Vitamin: As demonstrated in this experiment from the University of Nitra, vitamin C in many herbs reduces significantly. For parsley and celery, such reduction is about 80% of their original content. This means, that of 100g of parsley, around 15g are left after drying and. Those 15g have retained approximately 20% of the original vitamin C content of the original fresh version.
Beta Carotene: this essential element, naturally abundant in fresh herbs, is used by human bodies to produce vitamin A. However, the drying process also affects its content in herbs. From this experiment conducted from the University of Maharashtra, it was demonstrated that mint loses from 30 to 60% of its beta carotene content. Even worse with coriander, where up to 70% of its beta-carotene content was lost.
Iron: this mineral, essential for the correct functioning of our blood oxygenation system, can be found in many herbs. However, the dry process significantly affects its content. This study from the University of Kumasi, show a drop of up to 80% depending on the drying process.
Essential oils: these, also called volatile aroma, determine the taste of your herbs! Less of these oils (each herb has many of them) will alter its taste dramatically. As demonstrated in this study from the University of Carretera, the concentration of oil in spearmint changes dramatically and, more importantly, in different proportions. Some oil drops of 30% while others disappear entirely (for more, check table 2 in this study).
This is the key to understand that, in reality, a dry herb is not a concentrated version of its fresh counterpart. It does not have only a more intense flavor of its fresh counterpart. This is supported by science.
Think about cakes. If you reduce by 30% the amount of sugar but remove altogether the flour, the cake (or whatever comes out) it will taste totally different. The same happens with dried herbs. If the different herb oils drop in varying proportions, the taste will change.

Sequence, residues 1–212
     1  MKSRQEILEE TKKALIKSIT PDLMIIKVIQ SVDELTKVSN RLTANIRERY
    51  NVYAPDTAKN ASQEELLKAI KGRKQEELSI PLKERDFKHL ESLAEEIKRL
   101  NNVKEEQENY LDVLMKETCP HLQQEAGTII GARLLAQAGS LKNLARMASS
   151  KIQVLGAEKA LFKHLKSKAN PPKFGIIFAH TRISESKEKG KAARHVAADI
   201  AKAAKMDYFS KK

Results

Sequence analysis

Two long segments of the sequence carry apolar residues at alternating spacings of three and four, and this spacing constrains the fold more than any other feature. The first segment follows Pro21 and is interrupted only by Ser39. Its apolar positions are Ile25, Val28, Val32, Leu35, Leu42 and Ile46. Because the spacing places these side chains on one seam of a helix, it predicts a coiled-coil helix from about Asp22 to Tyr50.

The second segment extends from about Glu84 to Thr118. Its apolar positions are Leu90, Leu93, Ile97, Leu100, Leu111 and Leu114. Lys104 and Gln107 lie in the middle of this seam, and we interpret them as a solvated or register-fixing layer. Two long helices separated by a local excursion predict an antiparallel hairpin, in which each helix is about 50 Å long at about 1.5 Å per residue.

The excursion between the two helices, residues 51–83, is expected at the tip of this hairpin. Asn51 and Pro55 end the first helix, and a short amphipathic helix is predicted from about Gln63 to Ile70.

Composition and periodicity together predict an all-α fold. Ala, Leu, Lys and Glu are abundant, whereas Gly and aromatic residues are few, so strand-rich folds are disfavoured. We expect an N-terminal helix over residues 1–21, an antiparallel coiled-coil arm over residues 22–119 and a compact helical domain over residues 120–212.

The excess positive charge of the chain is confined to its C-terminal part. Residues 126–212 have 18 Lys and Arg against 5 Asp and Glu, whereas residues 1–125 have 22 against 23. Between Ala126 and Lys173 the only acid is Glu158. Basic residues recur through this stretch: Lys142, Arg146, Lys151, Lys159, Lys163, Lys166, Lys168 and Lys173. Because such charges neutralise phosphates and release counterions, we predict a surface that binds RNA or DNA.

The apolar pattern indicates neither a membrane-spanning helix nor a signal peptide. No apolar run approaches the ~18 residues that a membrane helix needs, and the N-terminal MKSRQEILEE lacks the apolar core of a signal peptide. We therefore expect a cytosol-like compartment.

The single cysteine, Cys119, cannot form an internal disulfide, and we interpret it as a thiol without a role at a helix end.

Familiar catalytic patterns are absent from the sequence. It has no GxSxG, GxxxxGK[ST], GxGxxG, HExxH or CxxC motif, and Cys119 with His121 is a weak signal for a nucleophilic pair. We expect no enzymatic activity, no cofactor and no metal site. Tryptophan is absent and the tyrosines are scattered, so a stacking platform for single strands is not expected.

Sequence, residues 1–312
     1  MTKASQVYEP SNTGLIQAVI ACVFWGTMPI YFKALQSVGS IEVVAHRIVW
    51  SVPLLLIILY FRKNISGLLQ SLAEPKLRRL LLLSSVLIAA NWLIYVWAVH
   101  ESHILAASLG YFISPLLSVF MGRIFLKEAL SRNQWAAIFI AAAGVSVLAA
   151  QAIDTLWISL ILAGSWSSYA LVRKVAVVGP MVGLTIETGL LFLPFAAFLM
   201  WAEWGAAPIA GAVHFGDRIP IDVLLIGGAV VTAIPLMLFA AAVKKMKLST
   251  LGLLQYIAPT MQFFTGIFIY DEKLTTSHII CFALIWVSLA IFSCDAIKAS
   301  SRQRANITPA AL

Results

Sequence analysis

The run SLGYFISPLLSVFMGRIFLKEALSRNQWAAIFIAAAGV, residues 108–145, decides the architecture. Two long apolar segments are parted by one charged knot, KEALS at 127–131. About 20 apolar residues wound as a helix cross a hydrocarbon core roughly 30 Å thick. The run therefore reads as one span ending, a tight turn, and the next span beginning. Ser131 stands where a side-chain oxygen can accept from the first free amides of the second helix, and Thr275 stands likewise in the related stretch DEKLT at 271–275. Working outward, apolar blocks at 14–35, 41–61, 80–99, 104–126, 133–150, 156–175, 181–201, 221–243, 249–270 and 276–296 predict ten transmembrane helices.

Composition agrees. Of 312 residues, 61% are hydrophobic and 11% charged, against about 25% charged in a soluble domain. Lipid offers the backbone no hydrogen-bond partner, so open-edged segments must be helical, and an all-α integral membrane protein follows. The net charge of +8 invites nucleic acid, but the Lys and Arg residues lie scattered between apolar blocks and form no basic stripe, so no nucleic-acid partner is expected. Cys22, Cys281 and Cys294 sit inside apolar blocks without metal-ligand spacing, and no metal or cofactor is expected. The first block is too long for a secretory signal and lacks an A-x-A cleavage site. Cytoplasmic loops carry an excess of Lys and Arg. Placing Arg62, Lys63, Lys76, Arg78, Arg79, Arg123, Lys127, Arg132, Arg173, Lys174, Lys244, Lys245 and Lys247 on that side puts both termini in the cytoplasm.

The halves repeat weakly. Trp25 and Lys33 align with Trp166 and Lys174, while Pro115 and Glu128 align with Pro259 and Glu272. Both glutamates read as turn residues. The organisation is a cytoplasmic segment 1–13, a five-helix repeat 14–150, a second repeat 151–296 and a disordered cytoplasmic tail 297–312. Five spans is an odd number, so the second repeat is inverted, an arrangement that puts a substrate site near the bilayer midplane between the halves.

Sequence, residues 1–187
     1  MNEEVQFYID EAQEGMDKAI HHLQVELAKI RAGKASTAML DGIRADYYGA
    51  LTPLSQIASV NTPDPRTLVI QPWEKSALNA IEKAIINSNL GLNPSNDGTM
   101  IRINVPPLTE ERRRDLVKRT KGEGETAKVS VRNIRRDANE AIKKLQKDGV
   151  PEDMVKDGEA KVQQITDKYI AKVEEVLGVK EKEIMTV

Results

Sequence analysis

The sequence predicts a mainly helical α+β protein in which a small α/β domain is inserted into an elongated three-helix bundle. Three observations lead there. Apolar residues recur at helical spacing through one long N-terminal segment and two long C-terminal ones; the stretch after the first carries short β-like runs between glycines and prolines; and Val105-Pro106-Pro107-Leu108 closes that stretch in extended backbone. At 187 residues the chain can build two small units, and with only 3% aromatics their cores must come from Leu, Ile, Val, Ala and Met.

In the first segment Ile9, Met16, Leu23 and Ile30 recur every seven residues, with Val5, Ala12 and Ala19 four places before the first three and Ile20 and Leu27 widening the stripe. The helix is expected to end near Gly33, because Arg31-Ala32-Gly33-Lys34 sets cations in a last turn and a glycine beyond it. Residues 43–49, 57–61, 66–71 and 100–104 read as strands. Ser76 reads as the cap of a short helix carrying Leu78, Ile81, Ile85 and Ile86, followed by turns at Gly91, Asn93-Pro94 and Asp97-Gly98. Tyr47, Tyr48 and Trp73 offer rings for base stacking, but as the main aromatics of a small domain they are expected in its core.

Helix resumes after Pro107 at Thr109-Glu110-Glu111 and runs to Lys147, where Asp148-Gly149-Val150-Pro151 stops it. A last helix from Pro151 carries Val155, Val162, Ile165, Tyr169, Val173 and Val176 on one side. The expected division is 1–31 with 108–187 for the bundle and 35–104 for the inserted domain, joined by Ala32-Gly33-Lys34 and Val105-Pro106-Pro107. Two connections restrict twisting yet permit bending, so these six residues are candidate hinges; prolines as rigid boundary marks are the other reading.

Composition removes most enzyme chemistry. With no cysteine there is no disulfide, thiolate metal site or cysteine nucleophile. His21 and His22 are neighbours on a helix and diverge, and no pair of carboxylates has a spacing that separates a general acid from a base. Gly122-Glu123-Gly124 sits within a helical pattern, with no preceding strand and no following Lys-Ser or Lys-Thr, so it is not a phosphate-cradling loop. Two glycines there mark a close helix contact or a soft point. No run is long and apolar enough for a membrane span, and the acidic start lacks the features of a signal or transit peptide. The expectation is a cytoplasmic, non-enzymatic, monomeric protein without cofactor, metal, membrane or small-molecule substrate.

Here comes the real question
When should you use dry herbs in your recipes? Fresh herbs are better than dry in essentially most of the recipes. Their more vivid and milder taste is a guarantee of success. Hence, if you have fresh ones, just go for it without any hesitation. However, dry herbs, in a few cases, can be even better than their fresh counterpart. Also, remember that some dry herbs, on the opposite, should be avoided at all costs.
Do you want to know which herbs are good in their dry version and which one not?
Rosemary, oregano, thyme, and sage perform pretty well in recipes even adopted dry, as a replacement of fresh herb. The 3 to 1 ratio still applies (1g of dry herb for every 3g of fresh). This is because the main compounds that give them their characteristic flavor do not evaporate during the drying process, making them a decent substitute for their original counterpart.
Pro tip: use the above herbs if possible in recipes where there is a decent amount of liquid (soup, for instance). Indeed, this will allow such herbs to require a bit of water and release even better their flavor.
Parsley, chervil, cilantro, basil should be avoided at all costs in their dry form. These herbs, when dry, lose a significant fraction of those oils more responsible for their intense flavor. This means that dry basil will be tasteless as well as dry cilantro. Do not believe me? Just read the comments from many in this interesting Reddit post.
When dry herbs perform better than fresh in cooking? The only cases when dry herbs are more suitable than fresh are oregano in chili con carne and thyme in steak.